Generalized Anxiety Disorder and Eating Disorders

Understanding the overlap and distinction between these conditions.

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Most people get anxious from time to time. And most people complain about appearance, attempt to eat more healthfully, or get into an exercise routine at some point.

To be diagnosed with a disorder, however – be it an anxiety disorder or an eating disorder – the symptoms must be significant, persistent and impairing.

The hallmark feature of generalized anxiety disorder (GAD) is uncontrollable, chronic worry.

People with GAD worry excessively – when there is nothing wrong or in a way that is disproportionate with actual risk – and experience physical symptoms as a result of the anxiety.

There is certainly overlap between the kinds of symptoms described by an individual with an eating disorder and an individual with GAD – worry, gastrointestinal distress, irritability, fatigue, and impaired concentration to name just a few.

In light of the similarities, it may not be all that surprising that among all anxiety disorders, GAD not infrequently co-occurs in people with eating disorders.  In fact, some research suggests the disorders may share specific vulnerability factors, including a thinking style marked by difficulty tolerating uncertainty.

Yet, GAD is a quite distinct diagnosis from eating disorders such as anorexia nervosa, bulimia nervosa, or binge eating disorder.

What are the key differences between GAD and eating disorders?

A main difference between GAD and eating disorders is the scope and source of worry. Individuals with GAD worry about a variety of topics the represent typical life circumstances or dilemmas including job performance, finances, or the health of loved ones. In the case of eating disorders, the worry is typically more circumscribed.

Body shape, size, and weight of primary importance and worries related to this include concerns (and distortions) about adequate calorie intake and exercise, as well as adhering to lots of food rules. For those with eating disorders, worry manifests in a number of psychologically and physically damaging behaviors:  strict dieting, binge eating, self-induced vomiting or other compensatory strategies.

While avoidance plays a part in both types of conditions, what is being avoided is likely to differ. For example, someone with GAD may avoid making career decisions or having a conversation with a boss about a raise due to worry about competence or finances.  Someone with an eating disorder may avoid interactions with a boss because of a tendency to make negative comparisons about appearance; work lunches might also be avoided, or attended with great anxiety, due to fears of eating too much or of being noticed for eating too little.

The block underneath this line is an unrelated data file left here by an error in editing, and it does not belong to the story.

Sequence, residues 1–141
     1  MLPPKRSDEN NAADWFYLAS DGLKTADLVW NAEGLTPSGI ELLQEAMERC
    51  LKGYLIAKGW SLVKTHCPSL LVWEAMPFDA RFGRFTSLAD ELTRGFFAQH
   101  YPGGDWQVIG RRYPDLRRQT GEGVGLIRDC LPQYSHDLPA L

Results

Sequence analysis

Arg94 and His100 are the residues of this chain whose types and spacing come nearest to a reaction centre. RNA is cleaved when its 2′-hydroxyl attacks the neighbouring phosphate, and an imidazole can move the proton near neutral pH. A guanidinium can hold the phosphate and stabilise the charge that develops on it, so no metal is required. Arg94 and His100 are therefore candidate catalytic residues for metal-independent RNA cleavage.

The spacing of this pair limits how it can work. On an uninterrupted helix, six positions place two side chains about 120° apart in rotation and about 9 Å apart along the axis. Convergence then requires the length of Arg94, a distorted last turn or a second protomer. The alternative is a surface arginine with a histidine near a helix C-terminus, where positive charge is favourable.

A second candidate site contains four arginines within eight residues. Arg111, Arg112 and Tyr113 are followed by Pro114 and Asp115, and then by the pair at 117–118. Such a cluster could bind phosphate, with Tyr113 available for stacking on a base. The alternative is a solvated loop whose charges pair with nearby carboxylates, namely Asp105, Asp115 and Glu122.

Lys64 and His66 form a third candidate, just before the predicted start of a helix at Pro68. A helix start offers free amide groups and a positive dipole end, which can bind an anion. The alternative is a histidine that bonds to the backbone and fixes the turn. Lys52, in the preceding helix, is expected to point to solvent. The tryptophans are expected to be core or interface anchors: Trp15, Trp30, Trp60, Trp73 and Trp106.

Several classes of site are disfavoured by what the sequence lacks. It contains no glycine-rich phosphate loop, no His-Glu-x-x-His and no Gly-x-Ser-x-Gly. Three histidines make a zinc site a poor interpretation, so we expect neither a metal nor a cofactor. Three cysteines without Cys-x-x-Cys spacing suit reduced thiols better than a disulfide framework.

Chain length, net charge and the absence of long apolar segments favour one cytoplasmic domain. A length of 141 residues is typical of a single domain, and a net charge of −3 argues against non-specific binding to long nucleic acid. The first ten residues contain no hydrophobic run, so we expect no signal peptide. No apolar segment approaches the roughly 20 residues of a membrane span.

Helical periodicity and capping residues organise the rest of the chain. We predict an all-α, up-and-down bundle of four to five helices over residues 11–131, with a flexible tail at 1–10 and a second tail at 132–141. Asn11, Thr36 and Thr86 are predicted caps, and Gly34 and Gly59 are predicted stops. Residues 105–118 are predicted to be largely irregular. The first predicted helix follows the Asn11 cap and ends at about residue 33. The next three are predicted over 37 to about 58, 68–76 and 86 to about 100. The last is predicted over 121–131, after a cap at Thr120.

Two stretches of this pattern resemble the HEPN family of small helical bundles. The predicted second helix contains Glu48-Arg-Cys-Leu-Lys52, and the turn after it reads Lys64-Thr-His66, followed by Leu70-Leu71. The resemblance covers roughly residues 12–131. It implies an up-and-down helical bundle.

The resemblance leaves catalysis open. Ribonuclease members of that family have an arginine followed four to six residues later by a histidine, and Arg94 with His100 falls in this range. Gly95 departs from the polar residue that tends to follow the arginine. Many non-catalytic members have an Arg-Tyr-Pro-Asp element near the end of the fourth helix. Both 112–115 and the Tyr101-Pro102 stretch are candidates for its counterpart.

The reason for irritability, fatigue, and poor concentration also varies by diagnosis.

Feeling ‘keyed up’ for an extended period of time can lead someone with an anxiety disorder to become exhausted. Persistent multi-faceted worry and difficulty dealing with life’s uncertainties can lead to a short temper or be very distracting.

For an individual with anorexia nervosa, irritability, fatigue and difficulty focusing are likely a result of low weight or inadequate nourishment. Someone with bulimia nervosa may feel emotionally and physically depleted as a result of a cycle of severely restrictive eating, binge eating (feeling out of control and eating a lot of food in one sitting), and purging. In addition, metabolic and electrolyte disturbances resulting from purging behaviors can cause a variety of physical symptoms. Distress about binge eating (and time spent doing it) can also lead to irritability and fatigue in a person with binge eating disorder.

What if you have both GAD and an eating disorder?

Approximately two-thirds of people with either an eating disorder suffer from some type of anxiety disorder in their lifetime. And nearly half of those developed the anxiety disorder first, often during childhood and clearly prior to the onset of the eating disorder.

The presence of an eating disorder often worsens pre-existing anxiety symptoms. Depending on the nature of the eating disorder, it will either be treated first or simultaneously with GAD.

For example, an individual who is underweight and/or frequently binge eating and purging, may experience an improvement in anxiety if weight is restored and if eating is normalized. After starting to regulate weight and eating, residual GAD symptoms (or other anxiety symptoms) will be assessed and treated.  

On the other hand, there may be circumstances that benefit from targeting the conditions simultaneously.

Finally, although having multiple problems can complicate the treatment process, there is a high degree of overlap in treatment approaches shown to be effective for both GAD and eating disorders. Cognitive behavioral therapy, for example, is commonly and effectively used to treat both problems, as are a number of medications including antidepressants.  Mindfulness-based approaches are also used to treat both types of disorders.


American Psychiatric Association. Diagnostic and statistical manual of mental disorders (Fifth edition). Washington, D.C.: American Psychiatric Association; 2013.

Kaye WH, Bulik CM, Thornton L, Barbarich N, Masters K. Comorbidity of anxiety disorders with anorexia and bulimia. Am J Psych. 2004;161: 2215-2221.

Konstantellou, A, Campbell M, Eisler I, Simic M, Treasure J. Testing a cognitive model of generalized anxiety disorder in the eating disorders. J Anxiety Disord. 2011;25:864-869.

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